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The view from the Downs looking south east to Lewes across Landport Bottom
 
The Battle

The King’s army was camped at Lewes: those under Prince Edward at the Castle, and those with the King at the Priory, a little to the south of the town. In all Henry commanded some 10,000 troops. On hearing of de Monfort’s arrival Edward rushed from the town without waiting for all the royal troops to join him. De Monfort’s forces, about half the number of Henry’s, were deployed across the hill facing the town. Edward launched a cavalry attack upon the left of the rebel lines where the raw recruits from London were positioned. The force of Edward’s attack soon broke the untried rebels, who fled the field hotly pursued by Edward.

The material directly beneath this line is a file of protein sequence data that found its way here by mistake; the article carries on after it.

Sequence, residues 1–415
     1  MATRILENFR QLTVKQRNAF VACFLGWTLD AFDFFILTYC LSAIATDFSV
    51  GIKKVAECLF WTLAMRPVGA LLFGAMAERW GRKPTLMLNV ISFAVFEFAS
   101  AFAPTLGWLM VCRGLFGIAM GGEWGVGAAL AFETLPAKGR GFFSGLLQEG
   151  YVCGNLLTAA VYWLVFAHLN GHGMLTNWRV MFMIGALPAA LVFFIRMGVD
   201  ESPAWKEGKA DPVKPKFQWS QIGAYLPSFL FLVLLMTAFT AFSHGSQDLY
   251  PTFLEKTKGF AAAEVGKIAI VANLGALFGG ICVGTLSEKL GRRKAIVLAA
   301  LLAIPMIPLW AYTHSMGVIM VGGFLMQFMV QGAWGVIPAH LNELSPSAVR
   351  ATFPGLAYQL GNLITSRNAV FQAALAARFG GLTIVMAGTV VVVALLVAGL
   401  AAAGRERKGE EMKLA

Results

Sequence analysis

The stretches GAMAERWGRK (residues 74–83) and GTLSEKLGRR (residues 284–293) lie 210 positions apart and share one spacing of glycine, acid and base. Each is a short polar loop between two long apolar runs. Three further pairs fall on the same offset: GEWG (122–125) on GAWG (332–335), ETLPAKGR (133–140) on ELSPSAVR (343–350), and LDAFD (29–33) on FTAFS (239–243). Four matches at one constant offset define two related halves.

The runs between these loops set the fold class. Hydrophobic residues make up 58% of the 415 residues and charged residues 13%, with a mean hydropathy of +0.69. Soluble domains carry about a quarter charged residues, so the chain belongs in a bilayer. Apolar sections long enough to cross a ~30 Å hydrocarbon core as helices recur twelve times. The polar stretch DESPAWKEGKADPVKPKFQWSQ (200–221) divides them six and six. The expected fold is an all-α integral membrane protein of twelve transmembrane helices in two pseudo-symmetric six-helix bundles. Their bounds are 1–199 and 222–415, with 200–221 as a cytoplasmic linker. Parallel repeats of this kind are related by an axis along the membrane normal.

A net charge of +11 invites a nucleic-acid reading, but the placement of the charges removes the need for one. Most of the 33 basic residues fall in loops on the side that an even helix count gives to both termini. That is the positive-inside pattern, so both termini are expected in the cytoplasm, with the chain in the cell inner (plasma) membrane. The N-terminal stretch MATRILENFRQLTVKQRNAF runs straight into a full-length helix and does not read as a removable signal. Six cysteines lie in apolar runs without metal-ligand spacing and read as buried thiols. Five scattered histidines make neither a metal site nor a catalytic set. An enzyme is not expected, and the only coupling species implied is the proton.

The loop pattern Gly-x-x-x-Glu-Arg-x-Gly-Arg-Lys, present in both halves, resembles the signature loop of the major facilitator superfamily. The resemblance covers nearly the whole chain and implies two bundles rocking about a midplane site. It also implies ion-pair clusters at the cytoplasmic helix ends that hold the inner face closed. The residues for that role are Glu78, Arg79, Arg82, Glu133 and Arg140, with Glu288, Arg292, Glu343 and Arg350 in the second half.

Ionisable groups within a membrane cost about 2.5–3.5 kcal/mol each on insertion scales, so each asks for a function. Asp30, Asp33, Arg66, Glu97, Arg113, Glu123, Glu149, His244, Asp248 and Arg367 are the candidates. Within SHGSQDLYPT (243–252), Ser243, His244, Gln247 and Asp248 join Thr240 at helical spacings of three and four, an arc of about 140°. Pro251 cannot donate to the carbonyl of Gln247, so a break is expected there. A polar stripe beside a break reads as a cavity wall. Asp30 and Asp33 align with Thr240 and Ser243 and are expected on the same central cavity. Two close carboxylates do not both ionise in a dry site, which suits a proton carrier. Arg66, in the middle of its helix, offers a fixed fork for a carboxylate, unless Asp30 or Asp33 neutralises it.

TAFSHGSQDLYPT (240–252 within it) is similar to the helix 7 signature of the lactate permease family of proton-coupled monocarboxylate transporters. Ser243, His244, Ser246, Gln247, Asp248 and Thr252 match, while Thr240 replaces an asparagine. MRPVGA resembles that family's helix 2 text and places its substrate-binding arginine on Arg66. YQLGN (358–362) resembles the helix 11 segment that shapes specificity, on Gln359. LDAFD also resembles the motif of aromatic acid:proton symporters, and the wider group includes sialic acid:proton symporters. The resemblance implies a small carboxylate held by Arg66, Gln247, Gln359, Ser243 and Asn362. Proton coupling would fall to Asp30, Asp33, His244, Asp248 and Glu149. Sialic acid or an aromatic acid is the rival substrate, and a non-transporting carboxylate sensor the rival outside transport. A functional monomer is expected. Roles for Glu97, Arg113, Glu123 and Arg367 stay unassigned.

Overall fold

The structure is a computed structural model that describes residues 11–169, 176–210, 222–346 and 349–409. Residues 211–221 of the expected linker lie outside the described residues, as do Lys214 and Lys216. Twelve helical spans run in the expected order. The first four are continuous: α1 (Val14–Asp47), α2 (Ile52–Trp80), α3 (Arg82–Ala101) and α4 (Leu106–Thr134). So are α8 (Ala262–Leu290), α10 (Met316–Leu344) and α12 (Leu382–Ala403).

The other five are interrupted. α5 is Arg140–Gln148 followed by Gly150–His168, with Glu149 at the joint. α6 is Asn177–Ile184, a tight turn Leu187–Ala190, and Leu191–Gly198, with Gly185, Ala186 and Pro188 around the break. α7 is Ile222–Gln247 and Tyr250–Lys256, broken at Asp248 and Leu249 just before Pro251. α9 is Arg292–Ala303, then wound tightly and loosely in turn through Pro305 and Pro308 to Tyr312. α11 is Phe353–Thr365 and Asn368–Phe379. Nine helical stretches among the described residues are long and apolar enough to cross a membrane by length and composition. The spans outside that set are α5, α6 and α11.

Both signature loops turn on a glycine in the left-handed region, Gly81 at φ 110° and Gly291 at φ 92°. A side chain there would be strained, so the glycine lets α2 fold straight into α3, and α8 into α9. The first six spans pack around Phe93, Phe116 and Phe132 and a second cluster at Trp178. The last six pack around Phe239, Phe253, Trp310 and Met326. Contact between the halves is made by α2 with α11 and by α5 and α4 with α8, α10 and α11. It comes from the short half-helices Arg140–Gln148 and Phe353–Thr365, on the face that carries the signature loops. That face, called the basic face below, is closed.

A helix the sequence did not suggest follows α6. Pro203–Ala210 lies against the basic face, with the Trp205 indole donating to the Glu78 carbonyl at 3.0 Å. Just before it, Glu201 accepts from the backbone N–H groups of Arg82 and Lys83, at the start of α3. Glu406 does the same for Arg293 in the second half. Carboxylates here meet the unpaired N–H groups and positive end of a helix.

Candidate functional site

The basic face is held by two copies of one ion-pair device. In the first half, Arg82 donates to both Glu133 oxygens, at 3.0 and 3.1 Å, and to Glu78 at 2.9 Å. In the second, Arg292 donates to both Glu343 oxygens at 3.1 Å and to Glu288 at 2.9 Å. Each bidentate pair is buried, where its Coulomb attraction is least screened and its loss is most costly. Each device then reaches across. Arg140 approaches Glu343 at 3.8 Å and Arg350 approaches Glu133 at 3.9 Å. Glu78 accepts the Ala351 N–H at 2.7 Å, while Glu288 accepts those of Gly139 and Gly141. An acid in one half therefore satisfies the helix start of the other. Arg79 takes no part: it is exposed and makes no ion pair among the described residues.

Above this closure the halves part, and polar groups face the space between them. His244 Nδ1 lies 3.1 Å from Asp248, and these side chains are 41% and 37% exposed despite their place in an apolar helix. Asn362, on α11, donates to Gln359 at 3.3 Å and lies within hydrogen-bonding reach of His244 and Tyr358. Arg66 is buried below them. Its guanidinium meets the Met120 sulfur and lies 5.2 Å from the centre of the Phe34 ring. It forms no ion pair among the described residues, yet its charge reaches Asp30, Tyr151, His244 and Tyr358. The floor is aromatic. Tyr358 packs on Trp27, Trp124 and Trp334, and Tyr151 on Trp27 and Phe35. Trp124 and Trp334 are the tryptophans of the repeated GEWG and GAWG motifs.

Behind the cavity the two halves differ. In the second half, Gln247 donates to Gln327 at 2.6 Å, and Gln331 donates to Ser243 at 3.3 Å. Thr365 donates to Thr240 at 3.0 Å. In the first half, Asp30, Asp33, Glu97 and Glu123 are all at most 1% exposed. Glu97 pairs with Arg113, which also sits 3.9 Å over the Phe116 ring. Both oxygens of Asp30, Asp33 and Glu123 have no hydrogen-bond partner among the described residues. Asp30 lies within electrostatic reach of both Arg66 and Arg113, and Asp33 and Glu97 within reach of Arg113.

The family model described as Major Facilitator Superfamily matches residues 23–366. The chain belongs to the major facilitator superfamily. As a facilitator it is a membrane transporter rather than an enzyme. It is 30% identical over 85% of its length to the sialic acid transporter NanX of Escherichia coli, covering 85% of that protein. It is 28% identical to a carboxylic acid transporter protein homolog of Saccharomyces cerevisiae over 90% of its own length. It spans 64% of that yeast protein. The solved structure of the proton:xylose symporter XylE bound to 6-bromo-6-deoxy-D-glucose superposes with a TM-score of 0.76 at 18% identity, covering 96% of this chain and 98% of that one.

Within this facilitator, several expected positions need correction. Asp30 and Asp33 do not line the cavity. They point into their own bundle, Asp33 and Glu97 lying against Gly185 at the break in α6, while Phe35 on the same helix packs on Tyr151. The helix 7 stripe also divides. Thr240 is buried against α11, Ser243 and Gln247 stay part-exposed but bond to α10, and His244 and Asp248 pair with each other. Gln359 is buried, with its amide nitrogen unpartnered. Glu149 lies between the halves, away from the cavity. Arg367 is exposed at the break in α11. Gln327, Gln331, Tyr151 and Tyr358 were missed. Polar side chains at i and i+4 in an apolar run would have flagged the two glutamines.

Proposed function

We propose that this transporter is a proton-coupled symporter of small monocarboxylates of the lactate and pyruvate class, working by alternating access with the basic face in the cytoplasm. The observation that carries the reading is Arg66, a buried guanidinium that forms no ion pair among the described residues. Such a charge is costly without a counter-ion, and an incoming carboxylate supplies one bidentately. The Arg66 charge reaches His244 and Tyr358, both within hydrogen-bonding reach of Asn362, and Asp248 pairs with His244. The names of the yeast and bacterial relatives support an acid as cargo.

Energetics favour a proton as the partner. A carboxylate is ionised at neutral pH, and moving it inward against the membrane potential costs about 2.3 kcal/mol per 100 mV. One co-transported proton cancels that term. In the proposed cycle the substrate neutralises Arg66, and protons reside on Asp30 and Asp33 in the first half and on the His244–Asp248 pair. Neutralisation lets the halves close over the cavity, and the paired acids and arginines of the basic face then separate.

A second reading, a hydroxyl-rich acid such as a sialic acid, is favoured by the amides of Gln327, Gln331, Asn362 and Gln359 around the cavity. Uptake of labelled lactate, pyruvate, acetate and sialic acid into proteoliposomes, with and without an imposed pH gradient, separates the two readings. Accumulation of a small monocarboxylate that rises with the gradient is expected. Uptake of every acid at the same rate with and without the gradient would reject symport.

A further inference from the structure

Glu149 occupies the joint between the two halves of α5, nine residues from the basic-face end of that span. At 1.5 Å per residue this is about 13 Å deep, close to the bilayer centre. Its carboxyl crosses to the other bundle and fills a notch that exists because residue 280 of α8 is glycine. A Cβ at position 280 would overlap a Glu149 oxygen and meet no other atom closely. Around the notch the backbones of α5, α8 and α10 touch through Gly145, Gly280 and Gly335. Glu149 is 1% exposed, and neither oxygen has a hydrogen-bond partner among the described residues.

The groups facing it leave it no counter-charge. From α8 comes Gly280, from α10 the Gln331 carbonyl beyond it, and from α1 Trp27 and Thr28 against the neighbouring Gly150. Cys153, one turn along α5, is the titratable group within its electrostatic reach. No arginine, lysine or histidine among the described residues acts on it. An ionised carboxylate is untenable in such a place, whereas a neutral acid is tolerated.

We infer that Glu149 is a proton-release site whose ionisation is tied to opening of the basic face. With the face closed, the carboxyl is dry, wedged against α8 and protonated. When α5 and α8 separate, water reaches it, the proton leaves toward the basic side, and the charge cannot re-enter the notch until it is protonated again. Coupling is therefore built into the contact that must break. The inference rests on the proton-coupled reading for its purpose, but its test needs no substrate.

Henry had barely time to deploy before the reckless actions of Edward, now charging from the field, forced him to attack. The advantage of terrain was with de Monfort’s, with Henry's troops being obliged to attack uphill. The Barons quickly gained the initiative and pushed the royal troops back down the hill to the town, where fighting continued in the streets. Henry was captured and held prisoner at the Priory. Edward, on returning to the field and discovering his father’s position, was inclined to continue fighting as the castle still held out for the king. However de Montfort now sued for peace and Edward was persuaded to accept.

 

   
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